Six Week Ultrasound: What Should You Expect

You can take an early six week ultrasound to learn that you are pregnant or not.
You can take an early six week ultrasound to learn that you are pregnant or not.

Seeing your loving baby inside your body through an ultrasound is amazing. You can take an ultrasound as early as six weeks. Why do you need to take this early six week ultrasound? What could you expect to know? Is there anything risky?

While it might seem early for a peek at your little miracle, this scan holds immense value for both you and your unborn baby. Six-week ultrasounds can reveal many things to you. This article will be your guide to the 6-week ultrasound experience. Read on to gain a clearer picture of this important early step in your pregnancy journey.

What Is Ultrasound Used In Pregnancy?

Six week ultrasound is a safe way to check your baby in the early stage of pregnancy.
Six week ultrasound is a safe way to check your baby in the early stage of pregnancy.

Ultrasound is a type of obstetric ultrasonography for doctors to glimpse your body.  Imagine using sound waves to create images!  That’s exactly how ultrasounds work.  A handheld device emits high-frequency sound waves that bounce off your internal organs. These reflected waves are then translated into a picture on a screen, giving doctors a valuable window into what’s going on.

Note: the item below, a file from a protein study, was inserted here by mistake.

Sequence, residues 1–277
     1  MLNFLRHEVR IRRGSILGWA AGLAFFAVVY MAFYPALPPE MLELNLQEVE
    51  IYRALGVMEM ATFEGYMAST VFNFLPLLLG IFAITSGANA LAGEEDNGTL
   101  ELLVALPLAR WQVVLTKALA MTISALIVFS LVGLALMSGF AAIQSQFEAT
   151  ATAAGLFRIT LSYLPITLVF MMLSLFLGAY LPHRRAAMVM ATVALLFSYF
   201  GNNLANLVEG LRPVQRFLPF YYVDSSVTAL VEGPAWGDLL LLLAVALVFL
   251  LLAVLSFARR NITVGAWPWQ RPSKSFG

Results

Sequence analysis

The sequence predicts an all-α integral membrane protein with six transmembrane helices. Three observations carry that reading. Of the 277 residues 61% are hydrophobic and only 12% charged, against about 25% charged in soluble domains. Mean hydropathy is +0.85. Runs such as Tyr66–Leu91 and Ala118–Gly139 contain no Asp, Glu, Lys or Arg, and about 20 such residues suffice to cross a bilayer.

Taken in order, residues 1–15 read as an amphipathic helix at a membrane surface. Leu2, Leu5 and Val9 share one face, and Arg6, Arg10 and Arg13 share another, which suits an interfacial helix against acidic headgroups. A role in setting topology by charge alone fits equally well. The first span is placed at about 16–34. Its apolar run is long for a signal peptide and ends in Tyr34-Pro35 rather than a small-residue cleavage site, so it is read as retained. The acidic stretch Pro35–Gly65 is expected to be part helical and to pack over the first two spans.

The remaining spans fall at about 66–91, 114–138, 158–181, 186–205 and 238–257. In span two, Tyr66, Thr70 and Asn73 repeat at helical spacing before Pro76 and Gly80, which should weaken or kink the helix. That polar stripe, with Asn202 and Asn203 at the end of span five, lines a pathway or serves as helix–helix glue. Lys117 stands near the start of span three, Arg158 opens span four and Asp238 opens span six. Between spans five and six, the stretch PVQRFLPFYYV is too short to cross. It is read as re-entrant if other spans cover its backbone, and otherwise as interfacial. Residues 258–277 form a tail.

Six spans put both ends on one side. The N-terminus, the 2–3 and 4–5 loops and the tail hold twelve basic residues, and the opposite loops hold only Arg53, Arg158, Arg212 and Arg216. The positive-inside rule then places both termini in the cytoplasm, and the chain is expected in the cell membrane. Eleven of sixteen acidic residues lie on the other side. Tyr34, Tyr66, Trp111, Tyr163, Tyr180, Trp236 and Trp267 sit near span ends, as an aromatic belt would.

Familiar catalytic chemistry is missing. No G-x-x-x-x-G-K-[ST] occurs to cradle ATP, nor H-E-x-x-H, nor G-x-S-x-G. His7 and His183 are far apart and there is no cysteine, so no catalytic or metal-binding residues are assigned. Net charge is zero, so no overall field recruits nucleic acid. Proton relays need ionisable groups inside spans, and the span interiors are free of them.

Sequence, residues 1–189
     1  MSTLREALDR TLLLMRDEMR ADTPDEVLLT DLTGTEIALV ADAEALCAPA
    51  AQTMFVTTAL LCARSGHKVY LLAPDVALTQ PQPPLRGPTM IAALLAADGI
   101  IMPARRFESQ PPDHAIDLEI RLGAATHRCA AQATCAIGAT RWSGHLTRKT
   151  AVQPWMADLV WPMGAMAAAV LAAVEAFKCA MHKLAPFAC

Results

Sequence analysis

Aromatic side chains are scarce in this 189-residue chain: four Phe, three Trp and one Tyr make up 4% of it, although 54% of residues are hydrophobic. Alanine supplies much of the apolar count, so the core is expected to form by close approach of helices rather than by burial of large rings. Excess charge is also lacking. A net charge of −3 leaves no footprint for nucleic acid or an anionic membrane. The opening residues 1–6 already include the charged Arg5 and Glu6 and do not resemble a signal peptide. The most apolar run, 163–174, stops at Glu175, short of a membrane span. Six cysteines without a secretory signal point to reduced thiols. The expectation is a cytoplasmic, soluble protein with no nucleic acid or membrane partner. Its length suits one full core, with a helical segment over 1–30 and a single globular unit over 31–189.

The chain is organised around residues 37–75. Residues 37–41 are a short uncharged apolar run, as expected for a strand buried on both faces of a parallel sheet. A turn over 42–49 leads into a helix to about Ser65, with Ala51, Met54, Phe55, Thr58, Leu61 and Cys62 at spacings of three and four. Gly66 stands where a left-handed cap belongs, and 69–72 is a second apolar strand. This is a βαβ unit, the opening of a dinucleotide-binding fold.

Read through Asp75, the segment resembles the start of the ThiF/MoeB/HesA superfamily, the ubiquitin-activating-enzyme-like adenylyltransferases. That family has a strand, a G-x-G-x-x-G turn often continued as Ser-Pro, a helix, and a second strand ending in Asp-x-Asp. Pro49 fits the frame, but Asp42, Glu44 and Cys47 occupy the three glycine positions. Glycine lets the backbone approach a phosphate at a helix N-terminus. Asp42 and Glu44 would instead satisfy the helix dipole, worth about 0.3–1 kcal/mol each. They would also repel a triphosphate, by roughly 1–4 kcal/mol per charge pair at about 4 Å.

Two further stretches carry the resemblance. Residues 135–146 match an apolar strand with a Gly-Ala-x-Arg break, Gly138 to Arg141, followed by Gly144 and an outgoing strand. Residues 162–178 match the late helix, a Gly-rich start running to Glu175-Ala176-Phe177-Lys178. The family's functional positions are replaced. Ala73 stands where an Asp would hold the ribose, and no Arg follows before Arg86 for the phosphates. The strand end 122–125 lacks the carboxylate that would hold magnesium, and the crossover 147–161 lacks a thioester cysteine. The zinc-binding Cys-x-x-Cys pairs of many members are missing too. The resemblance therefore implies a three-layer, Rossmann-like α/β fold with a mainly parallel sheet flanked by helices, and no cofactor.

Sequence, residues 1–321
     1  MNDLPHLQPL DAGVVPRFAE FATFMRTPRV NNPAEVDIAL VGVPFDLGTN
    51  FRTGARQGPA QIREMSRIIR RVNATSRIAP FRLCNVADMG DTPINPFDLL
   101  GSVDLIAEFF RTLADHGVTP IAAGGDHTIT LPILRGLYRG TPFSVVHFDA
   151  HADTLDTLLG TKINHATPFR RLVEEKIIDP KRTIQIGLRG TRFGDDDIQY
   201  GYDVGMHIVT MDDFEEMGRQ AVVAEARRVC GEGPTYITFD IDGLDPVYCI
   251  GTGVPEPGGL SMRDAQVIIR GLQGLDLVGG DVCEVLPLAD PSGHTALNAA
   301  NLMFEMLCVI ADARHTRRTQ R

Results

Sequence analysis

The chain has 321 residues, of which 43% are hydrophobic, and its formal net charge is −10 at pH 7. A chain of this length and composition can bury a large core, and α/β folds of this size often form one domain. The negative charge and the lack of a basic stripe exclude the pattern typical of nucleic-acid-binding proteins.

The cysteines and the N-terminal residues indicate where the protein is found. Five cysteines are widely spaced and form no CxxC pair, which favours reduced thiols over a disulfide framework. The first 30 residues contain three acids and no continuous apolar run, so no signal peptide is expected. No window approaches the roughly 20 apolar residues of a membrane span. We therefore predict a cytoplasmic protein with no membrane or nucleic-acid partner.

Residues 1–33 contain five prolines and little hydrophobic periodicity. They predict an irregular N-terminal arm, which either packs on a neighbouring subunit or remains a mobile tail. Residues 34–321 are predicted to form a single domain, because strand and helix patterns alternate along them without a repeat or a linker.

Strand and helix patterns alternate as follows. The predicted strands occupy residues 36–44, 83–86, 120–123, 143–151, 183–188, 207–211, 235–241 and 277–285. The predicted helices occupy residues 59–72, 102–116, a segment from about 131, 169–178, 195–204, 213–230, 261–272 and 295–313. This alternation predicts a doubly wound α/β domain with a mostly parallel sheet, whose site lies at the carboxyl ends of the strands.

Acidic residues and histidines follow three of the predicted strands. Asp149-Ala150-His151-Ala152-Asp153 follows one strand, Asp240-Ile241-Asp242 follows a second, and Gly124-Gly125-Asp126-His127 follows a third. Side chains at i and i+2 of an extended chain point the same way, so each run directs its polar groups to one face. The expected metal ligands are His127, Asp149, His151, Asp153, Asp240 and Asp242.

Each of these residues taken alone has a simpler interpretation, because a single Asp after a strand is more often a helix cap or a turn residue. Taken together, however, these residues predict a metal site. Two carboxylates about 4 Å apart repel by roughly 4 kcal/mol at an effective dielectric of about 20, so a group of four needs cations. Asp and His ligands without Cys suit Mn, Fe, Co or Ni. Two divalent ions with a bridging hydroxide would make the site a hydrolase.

During pregnancy, ultrasounds are a go-to for checking your baby’s development and identifying any potential abnormalities like Down syndrome. They’re non-invasive, painless, and safe for you and your unborn baby.

Why Do You Need A Six Week Ultrasound?

The first medical ultrasound usually can be ordered 11 to 14 weeks of your pregnancy (first trimester). However, there are situations where an earlier ultrasound at 6 weeks might be recommended. 

This could be due to your history of pregnancy complications or early miscarriage, concerns related to your age, or medical background. You also will need to take an ultrasound if having vaginal bleeding. Or you just simply want to check whether you are pregnant or not, especially after unprotected sex.